For the past decade, healthcare providers have been in the vanguard of efforts to combat the abuse and diversion of opioid pain medications such as Oxycontin. Now state and federal officials and health plans are joining the fray.
For the rest of his time on Earth, one of my best friends will be walking the fine line between the life-preserving benefits of opioid pain medication and addiction.
I call my friend The Mayor of Martha’s Vineyard. For The Mayor, powerful pain medications have been a blessing since 2002, when both of his lower legs were shattered in a horrific car crash on the island. The driver, one of his best friends, died in the driver seat beside him.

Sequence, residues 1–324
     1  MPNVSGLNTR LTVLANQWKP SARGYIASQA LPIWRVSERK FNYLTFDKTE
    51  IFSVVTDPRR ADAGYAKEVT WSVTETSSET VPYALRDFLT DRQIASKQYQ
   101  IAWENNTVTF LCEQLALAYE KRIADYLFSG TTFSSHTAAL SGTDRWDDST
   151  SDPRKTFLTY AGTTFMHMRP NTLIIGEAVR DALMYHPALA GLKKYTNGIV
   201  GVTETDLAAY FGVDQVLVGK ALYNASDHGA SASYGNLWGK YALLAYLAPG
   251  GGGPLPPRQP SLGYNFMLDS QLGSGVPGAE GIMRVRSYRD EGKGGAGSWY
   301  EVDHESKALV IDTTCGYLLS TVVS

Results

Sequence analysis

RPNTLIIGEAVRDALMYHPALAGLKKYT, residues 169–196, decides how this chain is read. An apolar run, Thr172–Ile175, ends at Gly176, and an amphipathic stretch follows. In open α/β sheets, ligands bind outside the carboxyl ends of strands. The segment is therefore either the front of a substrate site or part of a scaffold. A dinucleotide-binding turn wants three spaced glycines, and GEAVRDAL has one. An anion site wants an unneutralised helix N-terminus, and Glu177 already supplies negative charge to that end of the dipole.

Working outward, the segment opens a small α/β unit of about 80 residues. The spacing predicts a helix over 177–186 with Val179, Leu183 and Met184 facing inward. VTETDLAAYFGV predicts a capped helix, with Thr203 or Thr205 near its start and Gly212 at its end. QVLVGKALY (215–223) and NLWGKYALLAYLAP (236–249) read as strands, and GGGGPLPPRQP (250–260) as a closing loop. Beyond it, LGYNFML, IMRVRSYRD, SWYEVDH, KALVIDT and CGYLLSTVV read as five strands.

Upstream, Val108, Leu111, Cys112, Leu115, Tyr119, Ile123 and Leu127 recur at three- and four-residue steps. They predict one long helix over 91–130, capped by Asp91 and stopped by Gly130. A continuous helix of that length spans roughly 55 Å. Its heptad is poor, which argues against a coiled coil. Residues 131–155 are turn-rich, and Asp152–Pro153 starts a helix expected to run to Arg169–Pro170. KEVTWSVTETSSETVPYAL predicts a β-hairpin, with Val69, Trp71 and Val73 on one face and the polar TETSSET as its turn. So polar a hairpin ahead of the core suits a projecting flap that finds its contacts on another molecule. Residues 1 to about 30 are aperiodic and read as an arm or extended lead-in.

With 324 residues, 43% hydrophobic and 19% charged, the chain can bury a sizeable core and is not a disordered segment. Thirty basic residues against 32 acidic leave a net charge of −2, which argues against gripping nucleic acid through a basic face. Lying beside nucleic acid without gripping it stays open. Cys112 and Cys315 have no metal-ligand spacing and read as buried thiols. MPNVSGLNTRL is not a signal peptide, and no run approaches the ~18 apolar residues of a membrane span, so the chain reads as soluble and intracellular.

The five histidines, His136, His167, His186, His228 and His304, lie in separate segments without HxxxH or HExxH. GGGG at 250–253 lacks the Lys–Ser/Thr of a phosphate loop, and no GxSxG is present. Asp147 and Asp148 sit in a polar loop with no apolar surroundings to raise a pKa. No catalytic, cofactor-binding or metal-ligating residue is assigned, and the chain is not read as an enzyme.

“My body will never be the same, and I need surgeries every two years just to be functional,” The Mayor told me this week. He has been “tapered off” all opioid medication this year, but knows he will go back on oxycodone or Percocet following a hip replacement procedure in the fall, another consequence of the deadly wreck.
The Mayor is resigned to his need for opioid medication and the necessity to take steps to avoid addiction. A pain management doctor has been working alongside his primary care physician for the past three years, and monthly urinalysis testing is part of the pain doc’s deal.
“That’s probably the best thing as part of their treatment program,” he said of the urinalysis tests, which not only keep patients honest but also provide pain doctors with solid data to help manage medication dosage. “And most people will do [the urinalysis voluntarily]. They are not addicts. They’re law-abiding citizens.”